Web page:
Recession and troubled national mood prompt thousands to quit corporate careers. Stephen Phillips reports.
ThE economic recession and post-September 11 soul-searching are tempting thousands into teaching.
Officials across America report a deluge of applications for teacher training, particularly from those seeking to change from corporate jobs.
New York City has received more than 5,000 applications from professionals wanting to retrain as teachers, compared with about 1,250 this time last year. Applications for similar programmes in Washington DC and Kansas City have risen by 45 per cent and 40 per cent respectively.
Applications for Columbia University's Teachers College, the US's largest graduate teacher-training institution, are up 23 per cent.
Many recruits are plotting a return to the classroom after being laid off. "People see teaching as a stable profession," said Ellen Moir, executive director for the New Teacher Center at the University of California, Santa Cruz, where applications have surged by more than 15 per cent.
In Chicago, the number of people enlisting as substitute supply teachers since September has quadrupled, compared to the corresponding period last year.
Last year's terrorist attacks in the US also seem to have prompted a change of heart for many people . "There is renewed interest in service after September 11," said Dr Christine Persico, director of enrolment services at Columbia's teacher college.
"People want to do something that really matters," said Wendy Kopp, president of Teach for America, whose programme, which places graduates in deprived schools for two-year stints, has seen applications triple.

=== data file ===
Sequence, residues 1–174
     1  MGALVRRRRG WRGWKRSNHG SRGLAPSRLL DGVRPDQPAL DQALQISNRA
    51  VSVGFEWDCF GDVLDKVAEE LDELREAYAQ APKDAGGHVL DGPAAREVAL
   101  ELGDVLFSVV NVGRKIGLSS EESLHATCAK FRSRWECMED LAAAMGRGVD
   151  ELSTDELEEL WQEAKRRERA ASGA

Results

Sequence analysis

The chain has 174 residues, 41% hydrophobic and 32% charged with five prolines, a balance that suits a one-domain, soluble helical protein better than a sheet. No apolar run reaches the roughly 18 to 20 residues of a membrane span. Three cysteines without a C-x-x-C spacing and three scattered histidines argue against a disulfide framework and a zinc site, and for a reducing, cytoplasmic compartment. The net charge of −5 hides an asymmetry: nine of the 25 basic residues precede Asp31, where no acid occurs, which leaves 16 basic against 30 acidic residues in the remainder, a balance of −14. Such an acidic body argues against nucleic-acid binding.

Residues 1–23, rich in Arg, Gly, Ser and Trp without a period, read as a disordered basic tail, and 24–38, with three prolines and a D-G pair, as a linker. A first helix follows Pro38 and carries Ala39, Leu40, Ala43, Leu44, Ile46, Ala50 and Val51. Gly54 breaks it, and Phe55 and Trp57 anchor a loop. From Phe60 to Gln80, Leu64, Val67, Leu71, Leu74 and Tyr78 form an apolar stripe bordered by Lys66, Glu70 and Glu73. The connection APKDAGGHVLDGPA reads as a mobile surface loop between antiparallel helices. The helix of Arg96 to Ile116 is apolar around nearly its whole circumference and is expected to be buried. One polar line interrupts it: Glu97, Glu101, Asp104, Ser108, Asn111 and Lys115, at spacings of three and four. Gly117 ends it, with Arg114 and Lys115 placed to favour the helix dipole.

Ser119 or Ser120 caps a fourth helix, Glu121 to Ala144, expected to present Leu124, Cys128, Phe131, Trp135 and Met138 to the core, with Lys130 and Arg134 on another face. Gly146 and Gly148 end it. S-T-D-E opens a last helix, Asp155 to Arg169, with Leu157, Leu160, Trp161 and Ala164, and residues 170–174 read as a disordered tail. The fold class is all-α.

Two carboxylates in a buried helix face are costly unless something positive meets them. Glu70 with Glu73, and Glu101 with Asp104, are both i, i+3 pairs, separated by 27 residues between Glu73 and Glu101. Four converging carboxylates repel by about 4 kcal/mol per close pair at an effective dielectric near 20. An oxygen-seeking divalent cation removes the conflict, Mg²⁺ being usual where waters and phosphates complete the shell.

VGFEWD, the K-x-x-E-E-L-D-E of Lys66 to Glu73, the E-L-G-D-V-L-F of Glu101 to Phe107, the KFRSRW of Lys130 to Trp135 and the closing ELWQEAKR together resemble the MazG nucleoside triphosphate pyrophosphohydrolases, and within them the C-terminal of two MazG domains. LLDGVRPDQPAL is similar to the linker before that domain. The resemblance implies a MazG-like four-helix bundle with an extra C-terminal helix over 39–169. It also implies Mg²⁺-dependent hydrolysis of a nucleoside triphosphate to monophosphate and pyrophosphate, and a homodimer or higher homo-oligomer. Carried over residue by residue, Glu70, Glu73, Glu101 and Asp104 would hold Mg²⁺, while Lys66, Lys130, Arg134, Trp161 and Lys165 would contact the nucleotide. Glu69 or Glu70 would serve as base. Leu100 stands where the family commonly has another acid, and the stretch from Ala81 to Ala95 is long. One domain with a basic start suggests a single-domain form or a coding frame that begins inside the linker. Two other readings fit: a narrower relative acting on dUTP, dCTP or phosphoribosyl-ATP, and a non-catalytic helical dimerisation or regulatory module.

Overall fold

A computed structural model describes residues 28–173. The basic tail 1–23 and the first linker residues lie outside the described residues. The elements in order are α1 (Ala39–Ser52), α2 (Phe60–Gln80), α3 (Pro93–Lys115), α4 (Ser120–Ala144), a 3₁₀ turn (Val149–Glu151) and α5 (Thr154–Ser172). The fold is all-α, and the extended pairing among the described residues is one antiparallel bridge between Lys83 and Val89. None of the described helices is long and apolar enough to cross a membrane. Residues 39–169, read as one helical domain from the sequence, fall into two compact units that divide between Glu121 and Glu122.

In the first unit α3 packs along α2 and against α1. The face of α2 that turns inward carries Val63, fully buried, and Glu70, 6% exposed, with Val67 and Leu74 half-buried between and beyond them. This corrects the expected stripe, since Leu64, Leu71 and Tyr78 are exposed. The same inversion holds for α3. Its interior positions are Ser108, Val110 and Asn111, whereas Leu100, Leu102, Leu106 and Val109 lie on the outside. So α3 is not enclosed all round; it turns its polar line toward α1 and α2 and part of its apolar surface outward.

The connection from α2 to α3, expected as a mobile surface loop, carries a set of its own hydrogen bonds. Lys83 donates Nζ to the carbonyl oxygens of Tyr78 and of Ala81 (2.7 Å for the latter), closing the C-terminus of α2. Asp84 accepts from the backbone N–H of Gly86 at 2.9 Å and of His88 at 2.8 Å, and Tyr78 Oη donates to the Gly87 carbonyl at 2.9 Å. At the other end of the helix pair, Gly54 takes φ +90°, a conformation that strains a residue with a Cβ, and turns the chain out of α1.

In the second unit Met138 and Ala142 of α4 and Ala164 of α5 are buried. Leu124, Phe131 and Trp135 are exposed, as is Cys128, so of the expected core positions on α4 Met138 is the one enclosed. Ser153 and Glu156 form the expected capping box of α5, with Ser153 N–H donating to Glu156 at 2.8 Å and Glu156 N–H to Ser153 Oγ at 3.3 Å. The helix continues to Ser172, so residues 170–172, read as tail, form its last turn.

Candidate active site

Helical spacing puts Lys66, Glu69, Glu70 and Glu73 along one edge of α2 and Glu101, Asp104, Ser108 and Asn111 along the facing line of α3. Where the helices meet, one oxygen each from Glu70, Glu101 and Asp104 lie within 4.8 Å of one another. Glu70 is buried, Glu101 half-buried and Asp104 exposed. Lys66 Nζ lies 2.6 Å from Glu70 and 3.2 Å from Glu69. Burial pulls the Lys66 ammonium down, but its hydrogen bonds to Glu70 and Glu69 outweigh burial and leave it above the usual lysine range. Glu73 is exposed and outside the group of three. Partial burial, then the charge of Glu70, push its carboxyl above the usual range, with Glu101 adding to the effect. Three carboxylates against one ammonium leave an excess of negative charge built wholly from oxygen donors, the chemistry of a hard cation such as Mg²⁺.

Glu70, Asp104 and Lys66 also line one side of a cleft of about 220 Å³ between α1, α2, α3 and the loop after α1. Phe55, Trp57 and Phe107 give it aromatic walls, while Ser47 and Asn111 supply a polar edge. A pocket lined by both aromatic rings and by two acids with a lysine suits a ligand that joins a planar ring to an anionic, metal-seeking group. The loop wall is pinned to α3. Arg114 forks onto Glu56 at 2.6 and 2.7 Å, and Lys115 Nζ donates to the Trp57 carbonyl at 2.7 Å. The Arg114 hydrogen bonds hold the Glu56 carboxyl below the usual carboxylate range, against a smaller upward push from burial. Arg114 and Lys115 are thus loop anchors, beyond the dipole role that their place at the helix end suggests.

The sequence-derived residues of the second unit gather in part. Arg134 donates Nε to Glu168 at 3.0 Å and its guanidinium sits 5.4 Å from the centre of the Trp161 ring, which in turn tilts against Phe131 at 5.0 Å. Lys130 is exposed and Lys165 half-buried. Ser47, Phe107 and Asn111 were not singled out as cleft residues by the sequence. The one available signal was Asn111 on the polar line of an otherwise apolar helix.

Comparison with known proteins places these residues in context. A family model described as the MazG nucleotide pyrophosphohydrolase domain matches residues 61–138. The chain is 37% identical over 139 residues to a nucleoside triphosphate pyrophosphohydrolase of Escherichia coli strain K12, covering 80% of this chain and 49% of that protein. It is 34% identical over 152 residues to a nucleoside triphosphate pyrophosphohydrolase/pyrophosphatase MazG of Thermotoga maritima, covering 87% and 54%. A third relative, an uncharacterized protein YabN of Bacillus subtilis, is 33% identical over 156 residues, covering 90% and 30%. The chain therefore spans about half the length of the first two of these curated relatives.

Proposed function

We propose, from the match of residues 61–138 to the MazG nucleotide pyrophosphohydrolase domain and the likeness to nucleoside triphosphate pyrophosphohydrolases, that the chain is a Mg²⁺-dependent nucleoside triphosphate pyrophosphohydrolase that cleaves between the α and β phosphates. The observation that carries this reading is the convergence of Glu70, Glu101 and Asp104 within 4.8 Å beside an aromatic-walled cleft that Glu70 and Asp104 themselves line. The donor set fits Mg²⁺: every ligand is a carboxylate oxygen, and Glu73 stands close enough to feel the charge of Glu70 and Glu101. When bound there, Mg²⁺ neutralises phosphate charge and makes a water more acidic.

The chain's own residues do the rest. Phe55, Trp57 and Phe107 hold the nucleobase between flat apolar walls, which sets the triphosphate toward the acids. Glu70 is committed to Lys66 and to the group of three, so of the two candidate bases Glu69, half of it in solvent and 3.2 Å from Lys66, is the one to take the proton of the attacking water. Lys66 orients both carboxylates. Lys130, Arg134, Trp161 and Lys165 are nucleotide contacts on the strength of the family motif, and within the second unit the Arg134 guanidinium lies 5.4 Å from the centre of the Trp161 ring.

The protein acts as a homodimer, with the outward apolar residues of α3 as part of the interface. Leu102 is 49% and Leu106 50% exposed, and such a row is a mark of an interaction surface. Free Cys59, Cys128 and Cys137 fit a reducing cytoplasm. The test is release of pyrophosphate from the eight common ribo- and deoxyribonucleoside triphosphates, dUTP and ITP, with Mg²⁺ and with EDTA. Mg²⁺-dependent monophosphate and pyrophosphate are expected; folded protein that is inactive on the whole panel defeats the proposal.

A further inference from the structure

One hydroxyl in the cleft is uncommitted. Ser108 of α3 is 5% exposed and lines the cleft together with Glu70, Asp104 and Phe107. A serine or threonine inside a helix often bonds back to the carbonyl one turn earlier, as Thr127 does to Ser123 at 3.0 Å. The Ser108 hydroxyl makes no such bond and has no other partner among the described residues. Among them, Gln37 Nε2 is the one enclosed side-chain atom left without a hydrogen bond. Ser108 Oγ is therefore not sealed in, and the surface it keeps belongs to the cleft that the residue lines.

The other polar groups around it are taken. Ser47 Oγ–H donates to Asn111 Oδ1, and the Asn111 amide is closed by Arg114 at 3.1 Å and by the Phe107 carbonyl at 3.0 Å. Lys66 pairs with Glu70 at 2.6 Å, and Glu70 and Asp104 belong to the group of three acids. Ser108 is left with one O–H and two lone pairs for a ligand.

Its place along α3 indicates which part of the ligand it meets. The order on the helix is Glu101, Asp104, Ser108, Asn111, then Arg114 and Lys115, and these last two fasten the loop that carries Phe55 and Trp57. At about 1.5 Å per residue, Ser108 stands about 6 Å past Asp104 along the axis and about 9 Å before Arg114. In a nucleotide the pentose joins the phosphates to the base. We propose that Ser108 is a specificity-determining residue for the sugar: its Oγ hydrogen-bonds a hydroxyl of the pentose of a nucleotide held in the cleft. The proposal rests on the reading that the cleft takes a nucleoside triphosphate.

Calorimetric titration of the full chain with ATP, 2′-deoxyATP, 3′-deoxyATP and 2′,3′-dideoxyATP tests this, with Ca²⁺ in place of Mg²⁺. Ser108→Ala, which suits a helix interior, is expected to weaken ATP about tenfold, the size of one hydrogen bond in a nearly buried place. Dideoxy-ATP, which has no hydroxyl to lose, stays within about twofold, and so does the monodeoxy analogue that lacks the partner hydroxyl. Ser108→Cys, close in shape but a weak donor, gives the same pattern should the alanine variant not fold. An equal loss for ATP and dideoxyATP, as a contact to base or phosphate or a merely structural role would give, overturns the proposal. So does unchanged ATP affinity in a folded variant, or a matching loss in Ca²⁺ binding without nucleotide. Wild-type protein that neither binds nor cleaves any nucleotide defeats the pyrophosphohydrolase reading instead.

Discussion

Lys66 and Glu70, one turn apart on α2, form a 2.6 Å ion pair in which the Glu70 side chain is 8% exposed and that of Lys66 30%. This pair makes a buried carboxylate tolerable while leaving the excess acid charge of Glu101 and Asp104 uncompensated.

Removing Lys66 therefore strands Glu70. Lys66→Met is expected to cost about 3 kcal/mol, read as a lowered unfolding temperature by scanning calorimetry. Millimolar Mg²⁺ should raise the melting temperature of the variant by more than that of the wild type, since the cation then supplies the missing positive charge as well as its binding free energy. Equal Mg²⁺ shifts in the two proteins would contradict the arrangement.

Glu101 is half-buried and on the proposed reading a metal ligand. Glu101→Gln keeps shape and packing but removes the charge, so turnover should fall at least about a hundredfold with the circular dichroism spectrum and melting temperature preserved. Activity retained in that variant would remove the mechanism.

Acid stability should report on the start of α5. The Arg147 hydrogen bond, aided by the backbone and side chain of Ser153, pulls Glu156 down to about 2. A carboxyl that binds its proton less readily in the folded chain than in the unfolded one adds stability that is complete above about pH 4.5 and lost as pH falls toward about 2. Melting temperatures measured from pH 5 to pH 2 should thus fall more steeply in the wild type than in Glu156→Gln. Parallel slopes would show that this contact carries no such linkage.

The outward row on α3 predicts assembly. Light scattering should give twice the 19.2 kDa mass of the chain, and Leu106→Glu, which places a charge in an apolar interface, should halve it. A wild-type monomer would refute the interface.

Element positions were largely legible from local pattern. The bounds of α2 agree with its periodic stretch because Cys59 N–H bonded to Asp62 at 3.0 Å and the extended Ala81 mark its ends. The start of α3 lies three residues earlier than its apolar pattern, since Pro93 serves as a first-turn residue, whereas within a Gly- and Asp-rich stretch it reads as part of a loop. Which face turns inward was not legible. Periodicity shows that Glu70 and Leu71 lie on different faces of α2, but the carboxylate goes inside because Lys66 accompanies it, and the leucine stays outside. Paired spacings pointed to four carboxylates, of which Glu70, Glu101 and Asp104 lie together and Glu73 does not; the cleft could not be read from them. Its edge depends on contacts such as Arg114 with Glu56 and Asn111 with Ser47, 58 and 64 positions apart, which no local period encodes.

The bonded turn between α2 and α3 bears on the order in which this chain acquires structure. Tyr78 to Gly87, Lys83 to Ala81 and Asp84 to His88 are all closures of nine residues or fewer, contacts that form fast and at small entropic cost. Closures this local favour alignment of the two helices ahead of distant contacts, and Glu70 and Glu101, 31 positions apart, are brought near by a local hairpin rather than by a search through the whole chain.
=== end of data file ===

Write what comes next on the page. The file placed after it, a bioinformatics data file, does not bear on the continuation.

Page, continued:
The influx is timely. The US must find 2.4 million new teachers by 2012. Half of today's teachers will retire in the next decade and the pupil population is tipped to swell by 2 million to 54m by 2008.
Santa Cruz and neighboring Silicon Valley teacher-training institutions at Stanford and San Jose State universities also report robust interest from graduates in maths and science, subjects where staff shortfalls are most acute.
But with one in five new recruits leaving the profession within three years and newcomer attrition running at 50 per cent in cities within five years, schools must try harder to hang on to existing staff, Ms Moir warned.
"If we keep giving recruits the hardest assignments in the toughest schools, the high turnover will continue," she said.
Resurgent teacher recruitment is also due to more efforts to attract staff, said Ms Kopp.
"Recruitment is more strategic and aggressive - three years ago school districts were just waiting for resumes (CVs)," she said.
Chicago has more than doubled teacher recruitment since a promotional campaign in 1998. Advertisements on the city's public transport system and airport exhort people to sign up as "educational professionals", said Carlos Ponce, chief human resources officer for Chicago's state schools. "We wanted to get away from the image of teachers as baby-sitters," he said.
In New York, advertisements in subway trains and newspapers are aimed at disaffected professionals. "No one goes back 10 years later to thank a middle manager," reads one slogan.